Smearing of McCabe could have involved criminal offences
Legal experts say common law offence of perverting course of justice may apply
The way in which a wrongful child abuse allegation against Sgt Maurice McCabe was spread could have involved criminal offences, legal experts say.
It has been alleged that Sgt McCabe was subjected to an organised smear campaign, but there is no offence of criminal defamation in this jurisdiction and the campaign, if it occurred, is not in itself a crime.
However, there are other possible criminal offences that might be relevant to the McCabe case. Perverting the course of justice, a matter treated seriously in the courts, is a common law offence (ie not statute-based) and includes the offence of knowingly making a false report that could lead to a criminal investigation.
Four years ago the former UK cabinet minister Chris Huhne and his ex-wife Vicky Pryce were each jailed for eight months for perverting the course of justice after Huhne admitted asking Pryce to take his speeding points to avoid losing his licence. Pryce was convicted for having agreed to do so.
The judge e said the point-swapping was “all too easy to do” but it amounted to the serious criminal offence of perverting the course of justice.
In 2009, Rebecca McLoughlin, then 26 and of Sea View Park, Sligo, was sentenced to three years for perverting the course of justice after she pleaded guilty to lying to gardaí about events surrounding a car crash in which her friend died.
She had maintained initially that her friend was driving the car when in fact she was the one behind the wheel at the time of the fatal crash. She admitted the truth four years later.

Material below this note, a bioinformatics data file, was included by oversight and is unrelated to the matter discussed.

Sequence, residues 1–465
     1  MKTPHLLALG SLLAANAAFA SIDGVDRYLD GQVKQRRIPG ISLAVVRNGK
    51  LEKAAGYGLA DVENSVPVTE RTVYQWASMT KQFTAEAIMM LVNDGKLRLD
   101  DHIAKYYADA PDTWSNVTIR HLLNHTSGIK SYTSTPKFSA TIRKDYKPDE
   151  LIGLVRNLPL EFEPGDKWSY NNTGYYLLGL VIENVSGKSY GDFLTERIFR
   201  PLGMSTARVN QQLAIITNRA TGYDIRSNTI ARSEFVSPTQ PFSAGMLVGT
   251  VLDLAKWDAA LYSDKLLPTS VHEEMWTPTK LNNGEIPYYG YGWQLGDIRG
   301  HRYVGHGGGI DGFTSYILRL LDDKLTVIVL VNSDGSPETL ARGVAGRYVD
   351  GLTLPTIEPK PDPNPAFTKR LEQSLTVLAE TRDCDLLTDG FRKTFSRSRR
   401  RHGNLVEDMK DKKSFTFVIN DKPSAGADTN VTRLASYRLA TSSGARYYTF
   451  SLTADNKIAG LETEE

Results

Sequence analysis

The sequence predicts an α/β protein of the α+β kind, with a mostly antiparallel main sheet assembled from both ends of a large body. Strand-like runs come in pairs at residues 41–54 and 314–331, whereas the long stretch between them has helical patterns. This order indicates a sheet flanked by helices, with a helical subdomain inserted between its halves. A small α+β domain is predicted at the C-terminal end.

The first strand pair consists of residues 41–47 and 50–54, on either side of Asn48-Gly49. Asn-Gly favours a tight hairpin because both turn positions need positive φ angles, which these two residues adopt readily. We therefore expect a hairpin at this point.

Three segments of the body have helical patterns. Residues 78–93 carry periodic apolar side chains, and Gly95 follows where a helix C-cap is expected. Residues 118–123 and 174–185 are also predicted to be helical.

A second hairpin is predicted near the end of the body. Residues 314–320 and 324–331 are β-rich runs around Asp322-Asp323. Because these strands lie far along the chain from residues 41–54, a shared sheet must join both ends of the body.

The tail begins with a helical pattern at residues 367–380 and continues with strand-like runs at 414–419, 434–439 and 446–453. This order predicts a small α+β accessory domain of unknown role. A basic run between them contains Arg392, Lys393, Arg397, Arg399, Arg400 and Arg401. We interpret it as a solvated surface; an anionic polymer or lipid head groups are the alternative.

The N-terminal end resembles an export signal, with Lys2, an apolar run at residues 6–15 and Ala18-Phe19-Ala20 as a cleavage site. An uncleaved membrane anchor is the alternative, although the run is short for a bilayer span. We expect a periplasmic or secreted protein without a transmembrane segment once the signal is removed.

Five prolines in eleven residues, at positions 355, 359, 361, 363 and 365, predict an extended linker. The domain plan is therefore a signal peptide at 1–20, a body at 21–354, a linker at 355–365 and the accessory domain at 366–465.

A legal expert, who did not wish to be named, said the offence could apply to a person who “put it about” that a criminal allegation had been made against someone, if the person concerned knew at the time that the allegation was untrue. The offence carries a penalty of up to five years in jail.
There is an offence in Irish law of conspiring with others to bring about the commission of a serious offence, irrespective of whether the offence is actually committed. If two or more people conspired together to bring about a criminal act, they would be guilty of conspiracy as well as the other crime.
It is an offence under the Garda Síochána Act 2005 for a member of the force to “publish” information that could cause harm and which “constitutes an unwarranted and serious infringement of a person’s right to privacy”. Publish is understood to mean disclose in other than a confidential way. The offence can be punished with up to five years in jail.
Alleged leakingDavid Taylor
The Act allows for the disclosure of information to certain named parties including TDs and senators when relevant to the proper discharge of their functions, or if the disclosure is authorised by the Garda Commissioner. However, these qualifications would only apply to disclosures made during the proper discharge of a garda’s duties.
The series of events affecting Sgt McCabe, as alleged or reported, could also involve lesser offences under the Official Secrets Act, or data protection legislation, legal experts said.